Cape Town 04-03-2015-Andrew Chimboza enters the courtroom before thecommence of his sentencing which has been posponed till Wednesday.Pic Ayanda Ndamane

Cape Town - A Zimbabwean man who killed a man and removed and ate part of his heart, was a danger to society, the Western Cape High Court heard on Tuesday.

Police psychologist, Major Hayden Knibbs, said Andrew Chimboza, 35, had little chance of rehabilitation, but it was possible another psychologist or psychiatrist could reach a different conclusion.

He was being cross-examined by Yasmina Rajab, for Chimboza, during sentencing arguments.

Chimboza pleaded guilty before Judge Ashley Binns-Ward and is to be sentenced next week.

Psychiatric professor Tuviah Zabow, called by the defence, countered that only a protracted, in-depth psychiatric assessment, as opposed to the short time that Knibbs had spent with him, could determine whether Chimboza had any chance of rehabilitation.

Knibbs said he had interviewed Manona's unnamed lover, who told him she had also been Chimboza's lover, prior to her relationship with Manona.

Chimboza, a window tinter by trade, had tinted the windows of the women's home, and had called at the house in June last year to check if she was happy with his work.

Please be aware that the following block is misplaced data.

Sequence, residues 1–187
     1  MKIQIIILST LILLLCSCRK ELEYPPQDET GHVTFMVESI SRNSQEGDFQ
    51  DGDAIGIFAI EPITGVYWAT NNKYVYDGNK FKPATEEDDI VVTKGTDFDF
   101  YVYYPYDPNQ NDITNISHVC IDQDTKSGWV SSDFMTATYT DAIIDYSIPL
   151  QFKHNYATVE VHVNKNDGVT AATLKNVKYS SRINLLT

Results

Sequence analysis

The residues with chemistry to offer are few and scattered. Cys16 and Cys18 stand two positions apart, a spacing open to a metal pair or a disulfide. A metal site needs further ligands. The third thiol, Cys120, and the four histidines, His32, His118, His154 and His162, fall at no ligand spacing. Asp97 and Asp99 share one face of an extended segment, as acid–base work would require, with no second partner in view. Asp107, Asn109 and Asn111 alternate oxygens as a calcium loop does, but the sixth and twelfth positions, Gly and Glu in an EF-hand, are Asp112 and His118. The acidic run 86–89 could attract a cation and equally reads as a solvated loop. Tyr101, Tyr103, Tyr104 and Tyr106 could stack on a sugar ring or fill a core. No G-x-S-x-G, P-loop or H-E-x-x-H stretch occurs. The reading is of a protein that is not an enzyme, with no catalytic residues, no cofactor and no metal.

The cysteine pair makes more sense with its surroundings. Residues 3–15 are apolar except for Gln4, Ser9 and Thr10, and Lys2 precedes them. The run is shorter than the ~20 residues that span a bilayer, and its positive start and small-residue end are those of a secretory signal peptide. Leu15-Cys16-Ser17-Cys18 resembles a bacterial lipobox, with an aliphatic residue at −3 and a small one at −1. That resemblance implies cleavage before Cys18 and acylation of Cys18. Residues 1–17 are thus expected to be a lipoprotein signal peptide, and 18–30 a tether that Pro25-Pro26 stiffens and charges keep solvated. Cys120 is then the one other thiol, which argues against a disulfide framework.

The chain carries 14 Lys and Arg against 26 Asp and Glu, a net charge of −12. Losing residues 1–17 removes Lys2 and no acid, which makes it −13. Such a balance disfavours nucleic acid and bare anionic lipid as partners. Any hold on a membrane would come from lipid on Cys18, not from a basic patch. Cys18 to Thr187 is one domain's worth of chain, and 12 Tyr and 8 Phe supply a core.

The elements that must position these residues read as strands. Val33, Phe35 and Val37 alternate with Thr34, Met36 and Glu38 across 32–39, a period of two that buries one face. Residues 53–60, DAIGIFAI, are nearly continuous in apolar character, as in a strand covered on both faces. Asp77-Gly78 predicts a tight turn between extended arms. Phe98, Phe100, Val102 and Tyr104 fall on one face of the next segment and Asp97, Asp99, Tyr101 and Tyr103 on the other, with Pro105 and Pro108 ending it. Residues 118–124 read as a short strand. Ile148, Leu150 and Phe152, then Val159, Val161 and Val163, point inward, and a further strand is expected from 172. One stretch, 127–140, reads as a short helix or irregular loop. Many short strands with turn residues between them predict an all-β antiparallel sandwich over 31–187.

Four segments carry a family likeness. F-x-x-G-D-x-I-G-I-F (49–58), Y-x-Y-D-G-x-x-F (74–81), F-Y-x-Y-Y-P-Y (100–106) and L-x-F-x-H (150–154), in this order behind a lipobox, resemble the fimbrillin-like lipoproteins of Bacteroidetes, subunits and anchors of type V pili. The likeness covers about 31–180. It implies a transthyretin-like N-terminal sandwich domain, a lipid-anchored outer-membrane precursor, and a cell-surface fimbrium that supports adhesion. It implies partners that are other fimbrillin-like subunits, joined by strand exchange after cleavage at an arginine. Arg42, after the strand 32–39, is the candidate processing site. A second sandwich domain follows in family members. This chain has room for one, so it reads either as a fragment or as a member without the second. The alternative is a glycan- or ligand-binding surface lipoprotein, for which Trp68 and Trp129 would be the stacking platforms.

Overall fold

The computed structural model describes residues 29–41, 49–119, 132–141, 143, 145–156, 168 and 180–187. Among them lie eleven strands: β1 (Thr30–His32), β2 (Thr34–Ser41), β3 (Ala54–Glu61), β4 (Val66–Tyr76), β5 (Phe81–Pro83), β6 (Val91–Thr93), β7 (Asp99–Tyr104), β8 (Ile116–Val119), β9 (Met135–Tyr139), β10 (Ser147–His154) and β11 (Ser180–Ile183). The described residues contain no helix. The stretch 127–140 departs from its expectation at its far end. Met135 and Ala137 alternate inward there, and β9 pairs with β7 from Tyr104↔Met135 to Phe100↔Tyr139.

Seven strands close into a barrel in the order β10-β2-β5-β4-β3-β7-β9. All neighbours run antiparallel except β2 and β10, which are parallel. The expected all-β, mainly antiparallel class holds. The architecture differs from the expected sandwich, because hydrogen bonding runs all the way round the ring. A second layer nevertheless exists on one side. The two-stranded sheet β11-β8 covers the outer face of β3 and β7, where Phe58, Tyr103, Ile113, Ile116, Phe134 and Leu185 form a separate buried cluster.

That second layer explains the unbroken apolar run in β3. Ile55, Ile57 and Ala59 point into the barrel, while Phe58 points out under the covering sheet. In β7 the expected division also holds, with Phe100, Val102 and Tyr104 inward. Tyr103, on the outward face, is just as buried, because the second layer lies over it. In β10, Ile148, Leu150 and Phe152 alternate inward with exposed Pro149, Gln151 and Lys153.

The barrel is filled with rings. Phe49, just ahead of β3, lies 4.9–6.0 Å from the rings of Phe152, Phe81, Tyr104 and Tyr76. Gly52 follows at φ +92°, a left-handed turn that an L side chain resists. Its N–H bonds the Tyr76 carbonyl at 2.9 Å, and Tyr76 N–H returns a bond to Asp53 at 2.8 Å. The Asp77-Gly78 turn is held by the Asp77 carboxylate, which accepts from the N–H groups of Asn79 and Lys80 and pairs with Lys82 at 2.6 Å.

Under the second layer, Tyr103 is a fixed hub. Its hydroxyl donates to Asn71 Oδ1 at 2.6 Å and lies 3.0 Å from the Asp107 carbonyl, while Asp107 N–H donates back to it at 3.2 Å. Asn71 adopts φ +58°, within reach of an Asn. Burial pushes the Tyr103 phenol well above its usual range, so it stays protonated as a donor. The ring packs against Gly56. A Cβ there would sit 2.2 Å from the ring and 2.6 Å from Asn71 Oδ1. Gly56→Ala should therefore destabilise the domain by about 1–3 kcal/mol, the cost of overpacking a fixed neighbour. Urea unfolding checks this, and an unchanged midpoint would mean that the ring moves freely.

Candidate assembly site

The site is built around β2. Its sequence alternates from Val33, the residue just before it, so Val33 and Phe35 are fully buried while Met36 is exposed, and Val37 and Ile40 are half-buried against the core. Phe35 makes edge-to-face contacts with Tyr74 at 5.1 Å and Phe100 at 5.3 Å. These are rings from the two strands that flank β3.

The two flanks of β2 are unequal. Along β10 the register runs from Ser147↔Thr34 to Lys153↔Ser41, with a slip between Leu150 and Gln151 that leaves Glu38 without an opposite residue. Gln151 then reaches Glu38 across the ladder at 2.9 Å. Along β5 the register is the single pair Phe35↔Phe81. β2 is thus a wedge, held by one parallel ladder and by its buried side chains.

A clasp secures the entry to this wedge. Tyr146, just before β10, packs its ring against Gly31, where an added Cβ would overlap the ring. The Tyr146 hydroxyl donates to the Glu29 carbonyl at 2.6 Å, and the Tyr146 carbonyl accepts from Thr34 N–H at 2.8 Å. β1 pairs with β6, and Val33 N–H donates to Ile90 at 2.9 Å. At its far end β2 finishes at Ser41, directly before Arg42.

Manona had answered Chimboza's knock on the door, and a violent confrontation ensued.

Knibbs said he had introduced himself to Chimboza as a clinical psychologist, before adding that he was also a police officer.

Questioned by Rajab, he said the fact that he was attached to the police could have affected Chimboza, but Chimboza was nevertheless “quite evasive” during the interview.

Knibbs added: “We spoke about the murder, and its consequences, but the accused remained silent when questioned about the mutilation”.

Knibbs said Chimboza was a danger to society, as his level of aggression and violence showed a potential for it to happen again.

He said there was always a “first time” for anything, and that even a serial killer had killed for the first time.

Zabow said his own assessment of Chimboza was that he was not mentally ill, nor did he have any major psychotic disorders.

He said he had discussed the murder and mutilation, to evaluate Chimboza's mental state at the time of the murder, and to assess his inability to recall his actions.

“If the accused elects not to disclose all, there is no organic reason for being unable to do this.

“His extremely aroused emotional state could be the reason for his failure to recall, but there is no indication of mental disease relating to his inability to recall.”

Not enough was known about Chimboza to assess his chances of rehabilitation, Zabow said.

Once Chimboza had been sentenced, psychological and psychiatric services in prison would evaluate and report on his potential to rehabilitate, he said.

The case was postponed to Monday.